Pause: Nation

As a transportation hub between the 11th and 12th arrondissements, »Nation« appears again and again and has a similar charm to Châtelet: none at all. It's only when you emerge from the depths that you see what you've been missing. The Place de la Nation is a huge square surrounded by a traffic circle with a monument in the middle. Very typical ...

On the other hand, it isn't, because the traffic isn't as bad as you might imagine and when the weather is nice and the temperatures are warmer, people gather here. You can see the dog owners chatting with each other. People use the numerous seating areas around the »Triomphe de la République« monument (what else) or simply lie on the grass. Then it no longer has the charm of a traffic junction. 

Twelve streets lead off the square - difficult to keep track of. Almost like the numerous lines that intersect the square. If you don't choose the right entrance to your line, you can have real fun and run yourself silly.

Two columns have also been built in the direction of the Cours de Vincennes. These were intended to mark the former city boundary. They are based on designs by Claude-Nicolas Ledoux, so they are simply called the Ledoux Columns.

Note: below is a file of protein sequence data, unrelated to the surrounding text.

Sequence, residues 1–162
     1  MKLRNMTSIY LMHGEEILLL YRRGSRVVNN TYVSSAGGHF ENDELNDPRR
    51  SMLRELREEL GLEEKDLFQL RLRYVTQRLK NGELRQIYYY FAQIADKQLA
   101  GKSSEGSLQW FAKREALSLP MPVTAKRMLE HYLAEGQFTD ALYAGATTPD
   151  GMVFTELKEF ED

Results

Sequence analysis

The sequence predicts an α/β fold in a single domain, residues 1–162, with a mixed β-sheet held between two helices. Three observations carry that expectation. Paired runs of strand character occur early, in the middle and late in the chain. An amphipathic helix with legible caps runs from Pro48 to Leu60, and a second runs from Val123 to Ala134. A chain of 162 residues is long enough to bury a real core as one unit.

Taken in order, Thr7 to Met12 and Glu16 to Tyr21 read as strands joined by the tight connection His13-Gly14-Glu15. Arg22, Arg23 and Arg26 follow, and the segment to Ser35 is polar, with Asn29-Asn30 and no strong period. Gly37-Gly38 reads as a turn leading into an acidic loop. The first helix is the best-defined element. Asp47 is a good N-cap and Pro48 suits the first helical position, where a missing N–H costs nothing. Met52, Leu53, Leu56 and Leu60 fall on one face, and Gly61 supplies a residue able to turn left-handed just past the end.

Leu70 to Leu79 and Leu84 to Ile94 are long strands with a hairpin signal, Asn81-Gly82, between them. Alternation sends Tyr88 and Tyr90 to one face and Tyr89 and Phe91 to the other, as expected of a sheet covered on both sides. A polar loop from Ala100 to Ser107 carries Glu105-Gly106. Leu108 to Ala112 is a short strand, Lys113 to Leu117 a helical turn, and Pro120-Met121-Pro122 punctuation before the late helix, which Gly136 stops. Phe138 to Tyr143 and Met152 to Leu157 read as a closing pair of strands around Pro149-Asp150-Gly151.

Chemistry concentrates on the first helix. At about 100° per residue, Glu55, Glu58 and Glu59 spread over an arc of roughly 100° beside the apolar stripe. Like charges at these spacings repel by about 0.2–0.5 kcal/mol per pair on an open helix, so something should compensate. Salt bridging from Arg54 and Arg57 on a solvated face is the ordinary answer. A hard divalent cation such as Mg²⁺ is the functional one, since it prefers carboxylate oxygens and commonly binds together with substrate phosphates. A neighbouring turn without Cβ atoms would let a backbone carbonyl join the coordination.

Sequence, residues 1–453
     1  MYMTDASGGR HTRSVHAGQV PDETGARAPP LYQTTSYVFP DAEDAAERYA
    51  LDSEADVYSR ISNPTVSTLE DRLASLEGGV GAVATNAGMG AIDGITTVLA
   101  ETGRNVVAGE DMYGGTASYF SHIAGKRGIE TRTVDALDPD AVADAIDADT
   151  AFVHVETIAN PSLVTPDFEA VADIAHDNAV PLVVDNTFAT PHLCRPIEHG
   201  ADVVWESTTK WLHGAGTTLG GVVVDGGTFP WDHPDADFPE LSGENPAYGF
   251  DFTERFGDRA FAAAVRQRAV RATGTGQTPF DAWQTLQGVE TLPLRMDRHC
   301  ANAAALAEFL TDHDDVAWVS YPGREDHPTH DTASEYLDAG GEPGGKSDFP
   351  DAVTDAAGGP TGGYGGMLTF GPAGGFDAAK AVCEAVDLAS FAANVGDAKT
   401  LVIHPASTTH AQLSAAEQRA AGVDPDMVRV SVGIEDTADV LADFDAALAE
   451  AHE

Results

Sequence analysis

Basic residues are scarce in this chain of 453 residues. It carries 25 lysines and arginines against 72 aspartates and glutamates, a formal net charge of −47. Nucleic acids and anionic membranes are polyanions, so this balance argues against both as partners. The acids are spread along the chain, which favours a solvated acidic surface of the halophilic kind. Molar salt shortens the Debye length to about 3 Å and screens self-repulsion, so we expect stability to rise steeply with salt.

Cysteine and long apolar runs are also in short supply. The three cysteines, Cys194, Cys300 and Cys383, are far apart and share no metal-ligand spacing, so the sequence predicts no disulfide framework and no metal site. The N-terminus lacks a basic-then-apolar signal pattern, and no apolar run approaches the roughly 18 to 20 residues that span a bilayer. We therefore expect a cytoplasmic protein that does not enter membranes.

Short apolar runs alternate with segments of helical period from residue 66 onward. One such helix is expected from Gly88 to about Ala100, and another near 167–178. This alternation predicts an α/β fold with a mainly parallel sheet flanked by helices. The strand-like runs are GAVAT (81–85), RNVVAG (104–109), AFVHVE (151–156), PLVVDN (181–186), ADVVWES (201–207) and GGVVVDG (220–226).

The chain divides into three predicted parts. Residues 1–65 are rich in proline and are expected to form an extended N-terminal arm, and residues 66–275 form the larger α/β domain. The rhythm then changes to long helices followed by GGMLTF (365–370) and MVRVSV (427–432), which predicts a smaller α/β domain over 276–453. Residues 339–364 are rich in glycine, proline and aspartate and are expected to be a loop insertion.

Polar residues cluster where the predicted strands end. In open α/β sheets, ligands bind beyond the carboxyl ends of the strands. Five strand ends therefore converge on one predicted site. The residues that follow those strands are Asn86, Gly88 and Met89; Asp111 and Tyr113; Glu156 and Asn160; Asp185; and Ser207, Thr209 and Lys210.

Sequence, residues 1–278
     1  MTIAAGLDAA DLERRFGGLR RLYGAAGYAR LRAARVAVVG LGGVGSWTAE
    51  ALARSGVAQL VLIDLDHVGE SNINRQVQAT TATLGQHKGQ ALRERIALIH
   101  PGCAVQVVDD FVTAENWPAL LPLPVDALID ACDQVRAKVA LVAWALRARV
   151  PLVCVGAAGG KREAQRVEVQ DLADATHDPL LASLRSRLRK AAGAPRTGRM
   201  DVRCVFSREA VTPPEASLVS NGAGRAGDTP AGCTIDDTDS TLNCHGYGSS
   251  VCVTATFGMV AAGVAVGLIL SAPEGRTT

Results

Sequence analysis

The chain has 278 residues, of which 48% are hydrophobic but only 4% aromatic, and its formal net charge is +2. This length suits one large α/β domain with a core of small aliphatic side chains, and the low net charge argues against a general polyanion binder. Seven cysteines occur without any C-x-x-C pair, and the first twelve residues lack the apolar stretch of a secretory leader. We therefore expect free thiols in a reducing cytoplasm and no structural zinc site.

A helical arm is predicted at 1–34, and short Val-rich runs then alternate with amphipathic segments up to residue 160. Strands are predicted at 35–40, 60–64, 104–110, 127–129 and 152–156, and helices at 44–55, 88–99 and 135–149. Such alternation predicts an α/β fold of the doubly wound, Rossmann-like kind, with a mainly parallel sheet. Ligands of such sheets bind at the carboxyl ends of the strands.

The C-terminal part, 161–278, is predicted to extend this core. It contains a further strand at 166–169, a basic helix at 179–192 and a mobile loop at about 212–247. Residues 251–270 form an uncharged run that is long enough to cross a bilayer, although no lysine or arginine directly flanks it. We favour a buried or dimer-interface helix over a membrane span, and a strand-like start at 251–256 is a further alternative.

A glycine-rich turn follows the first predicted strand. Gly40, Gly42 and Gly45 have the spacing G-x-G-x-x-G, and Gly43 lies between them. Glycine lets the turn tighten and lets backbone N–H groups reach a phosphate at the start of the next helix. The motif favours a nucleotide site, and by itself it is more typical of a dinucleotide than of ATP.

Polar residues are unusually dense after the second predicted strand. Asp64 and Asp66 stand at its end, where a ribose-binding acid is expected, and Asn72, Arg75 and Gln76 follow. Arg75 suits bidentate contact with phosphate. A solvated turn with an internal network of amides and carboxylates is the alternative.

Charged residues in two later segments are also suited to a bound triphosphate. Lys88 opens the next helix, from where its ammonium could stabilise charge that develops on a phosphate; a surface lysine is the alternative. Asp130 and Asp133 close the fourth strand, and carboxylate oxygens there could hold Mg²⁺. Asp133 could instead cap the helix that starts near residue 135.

As we also experienced, the square is often used for demonstrations. This can also be seen on the Triumph Lady at the moment, as the last event was only three days ago.

Now this is not a travel diary, but some kind of reference to Maigret has to be made. My first approach would have been that it's such a huge (and somehow beautiful) square in Paris and I have no recollection of it playing a role at all. And I was almost right in my assumption ... if it weren't for the 0th case. At the end of the third chapter, the square plays a brief supporting role:

When he reached the Porte de Montreuil, the cab was only a hundred meters away. He grabbed one for himself, which followed the first through the Rue d'Avron, circled the Place de la Nation with him, drove slowly through the congested Faubourg Saint-Antoine and stopped at the Place de la Bastille.

This lack of presence, undeserved as it is, is certainly also due to the peripheral location of the pitch.